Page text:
A quick update on Vancouver’s separated bike lanes. Last month I wrote about how the lanes were “more popular than ever“, and the trend is continuing. The data for September 2011 is now available, and the bike lanes are still rocking.
Continue reading Vancouver’s Separated Bike Lanes – September Update
NOTE: An updated version of this analysis can be found on Spacing Vancouver.
The past few days I’ve had a tough time finding a spot to park my bike at work. The large bike corral at Dunsmuir and Seymour has been jam packed every morning by 9 am. This anecdotal evidence makes me think cycling is on the rise downtown, but it’s nice to see some hard numbers.
Last February, the City of Vancouver published statistics showing the number of cycling trips taken on the new downtown separated bike lanes. I had fun analyzing it, but was limited by the amount of data – there was only 11 months of numbers to crunch. Since then the City has diligently updated and published the stats every month, and now there is finally enough data to see year-over-year changes (at least on Dunsmuir). The results are interesting and encouraging.
Continue reading Vancouver’s Separated Bike Lanes – More Popular Than Ever
The t-shirt we’ve all been waiting for. Someone has finally created it.
Fairware will be selling organic t-shirts with “Bike Lanes Make Me Hornby” printed on the front at the Vision Vancouver Pub Night on October 20th @ The Charles. Full details here.
I’ve never been to a Vision Vancouver event, but I might show up just to get a t-shirt.
I used to have a lot of respect for Councillor Suzanne Anton. She is the lone representative of the once mighty NPA and she gets a lot of pressure from anti-environmentalists to oppose bike lanes. Until recently, she resisted those voices and supported cycling infrastructure (she is after all a dedicated cyclist).
In August, after the Dunsmuir vote, I sent Councillor Anton an email thanking her for supporting cycling and letting her know I’d vote for her in the next election. The beauty of Vancouver’s electoral system is I get 10 votes, and I like to mix it up. I received this response:
So thx for your support and yes I will continue to be a strong supporter of cycling.
On Tuesday night she voted in favour of the Hornby bike lane, ensuring the vote was unanimous. Everyone knew that the Hornby lane would be approved, but no one was sure if Councillor Anton would vote in favour. I was pleasantly surprised, and told a few people on Wednesday how important it was to vote for her in the next election because cycling shouldn’t be a partisan issue and stressed how important it is to have strong voices within the NPA who support cycling.
However, this morning she sent out a press release attempting to rescind her support for the project.
Personally, I feel betrayed and disappointed that she has bowed to pressure and rescinded her support from a project she likely agrees with. She has constantly refused to attack the bike lane, instead attacking “the process”. I’ve noticed a few other people recently say: “I support bike lanes in general, just not this bike lane because of the process”. I call bullshit. Who cares about the process? Honestly. There are only two reasons to oppose “the process”:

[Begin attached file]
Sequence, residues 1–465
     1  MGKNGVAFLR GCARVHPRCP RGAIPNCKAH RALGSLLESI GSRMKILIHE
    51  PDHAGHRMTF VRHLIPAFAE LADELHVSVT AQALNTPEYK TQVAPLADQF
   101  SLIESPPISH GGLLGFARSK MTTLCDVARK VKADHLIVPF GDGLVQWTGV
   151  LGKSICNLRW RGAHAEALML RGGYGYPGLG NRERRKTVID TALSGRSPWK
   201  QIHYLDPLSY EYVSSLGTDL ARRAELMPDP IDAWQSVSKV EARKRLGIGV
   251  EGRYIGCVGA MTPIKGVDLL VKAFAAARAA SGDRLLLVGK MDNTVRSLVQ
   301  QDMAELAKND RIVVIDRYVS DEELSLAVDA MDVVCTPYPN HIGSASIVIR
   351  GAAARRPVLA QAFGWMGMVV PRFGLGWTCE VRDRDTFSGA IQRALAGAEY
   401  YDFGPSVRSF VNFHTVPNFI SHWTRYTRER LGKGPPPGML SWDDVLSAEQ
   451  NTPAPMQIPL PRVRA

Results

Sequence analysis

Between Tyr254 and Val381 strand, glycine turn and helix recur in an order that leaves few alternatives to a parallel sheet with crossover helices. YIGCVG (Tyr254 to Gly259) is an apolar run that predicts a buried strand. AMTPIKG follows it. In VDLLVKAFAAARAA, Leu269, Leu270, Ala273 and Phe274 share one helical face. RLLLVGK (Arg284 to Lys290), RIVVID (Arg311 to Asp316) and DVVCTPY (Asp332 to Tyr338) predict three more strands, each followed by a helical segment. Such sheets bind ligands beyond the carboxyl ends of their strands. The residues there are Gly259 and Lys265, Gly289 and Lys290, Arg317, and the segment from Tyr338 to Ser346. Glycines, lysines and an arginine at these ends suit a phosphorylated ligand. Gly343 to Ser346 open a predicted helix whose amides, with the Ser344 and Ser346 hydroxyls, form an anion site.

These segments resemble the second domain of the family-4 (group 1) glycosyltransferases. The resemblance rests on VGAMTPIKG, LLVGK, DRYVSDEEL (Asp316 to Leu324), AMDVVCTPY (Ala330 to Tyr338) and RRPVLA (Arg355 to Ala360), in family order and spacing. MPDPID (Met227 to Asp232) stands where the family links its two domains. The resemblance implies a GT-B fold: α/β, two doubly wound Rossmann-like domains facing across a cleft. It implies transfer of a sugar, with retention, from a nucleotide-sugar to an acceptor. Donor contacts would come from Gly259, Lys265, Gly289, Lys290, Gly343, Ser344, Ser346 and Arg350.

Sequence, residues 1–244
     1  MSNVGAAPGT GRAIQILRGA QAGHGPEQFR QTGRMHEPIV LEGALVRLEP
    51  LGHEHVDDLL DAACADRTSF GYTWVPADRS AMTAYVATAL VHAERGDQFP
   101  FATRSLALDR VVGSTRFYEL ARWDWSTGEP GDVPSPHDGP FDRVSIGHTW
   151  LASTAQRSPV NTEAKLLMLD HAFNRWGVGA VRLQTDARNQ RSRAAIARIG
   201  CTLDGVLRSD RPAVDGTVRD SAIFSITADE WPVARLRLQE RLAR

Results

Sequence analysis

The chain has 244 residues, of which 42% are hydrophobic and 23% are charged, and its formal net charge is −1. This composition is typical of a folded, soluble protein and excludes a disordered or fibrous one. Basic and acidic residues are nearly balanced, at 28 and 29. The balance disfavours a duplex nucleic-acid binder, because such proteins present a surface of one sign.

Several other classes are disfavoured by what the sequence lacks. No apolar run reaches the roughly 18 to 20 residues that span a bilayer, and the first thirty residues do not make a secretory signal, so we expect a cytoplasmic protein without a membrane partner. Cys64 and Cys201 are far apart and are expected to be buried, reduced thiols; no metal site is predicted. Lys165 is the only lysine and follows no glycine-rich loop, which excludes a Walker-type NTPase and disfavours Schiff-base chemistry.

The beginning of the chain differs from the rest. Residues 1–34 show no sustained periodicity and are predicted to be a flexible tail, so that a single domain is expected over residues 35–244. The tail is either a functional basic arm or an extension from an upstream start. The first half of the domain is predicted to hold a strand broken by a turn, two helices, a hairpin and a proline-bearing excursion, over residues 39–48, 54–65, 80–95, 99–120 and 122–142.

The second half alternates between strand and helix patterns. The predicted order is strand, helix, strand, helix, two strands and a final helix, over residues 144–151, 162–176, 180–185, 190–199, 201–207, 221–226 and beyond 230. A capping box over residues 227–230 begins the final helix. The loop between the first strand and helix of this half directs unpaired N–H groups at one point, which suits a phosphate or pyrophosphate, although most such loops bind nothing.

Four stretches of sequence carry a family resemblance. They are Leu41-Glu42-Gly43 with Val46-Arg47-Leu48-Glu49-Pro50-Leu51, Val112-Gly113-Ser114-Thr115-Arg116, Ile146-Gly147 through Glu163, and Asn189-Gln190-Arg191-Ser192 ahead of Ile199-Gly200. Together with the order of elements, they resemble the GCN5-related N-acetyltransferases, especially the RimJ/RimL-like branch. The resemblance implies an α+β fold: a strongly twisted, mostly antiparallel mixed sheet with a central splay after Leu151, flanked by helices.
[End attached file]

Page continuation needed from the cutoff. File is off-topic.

- you oppose the bike lane, because you don’t cycle and you’re worried it might make driving more inconvenient. Yet, you don’t want to be a curmudgeon or offend cyclists. So you pretend to support bike lanes “in general”. How very NIMBY.
- you secretly support the bike lane, but you’re trying to score cheap political points and appeal to people who oppose the bike lane. Classic political maneuver when you’re in opposition and the governing party does something you like. It is opposition for the sake of opposition, and it makes politicians look like cynical liars.
I think Councillor Anton falls into the 2nd group, and it saddens me. Let this be my official press release rescinding my support of her.
It is official, Hornby is getting a separated bike lane! Construction is set to begin immediately and be finished in 2 1/2 months. It is the best Christmas present I could have wished for – a completed downtown cycling network with separated lanes.
I’m really proud of city council for standing up to the fear-mongering of Laura Jones (of the CFIB, formerly of the Fraser Institute), who claims businesses along Hornby are set to lose 23% of their sales when the Hornby lane goes in (source) – a great made-up statistic. We’ll have to see if business actually suffers, but given the experience of businesses on Dunsmuir I highly doubt it. Hornby is not a strip-mall. It’s a busy street in downtown Vancouver. I’m not sure how any business on that street can reasonably expect to have cheap, abundant parking close by. Nor should they need it. The area is well served by transit and 100,000 people live within walking distance.
There were several passionate speeches to council, both for and against the bike lane, but the one that seems to stand out is remarks made by Gordon Price. He talked about how many of Vancouver’s most cherished, quality-of-live features were controversial when added – deciding not to build a freeway into downtown, traffic calming, and even the paved seawall. You can watch his full comment by loading http://www4.insinc.com/ibc/mp/md/play/c/317/1199/201010051910wv150en,003.asx into Windows Media Player and jumping to 2:33:50. I’ve heard from a few people, it was his speech that convinced opposition councillor Susan Anton to vote for it, which meant city council unanimously approved the bike lane construction.
Update: I was disappointed to learn this morning that Councillor Anton has decided to rescind her vote in support of the bike lane. My opinion of that decision is here.
Note: The title for this post was stolen from CBC’s Bill Richardson (source).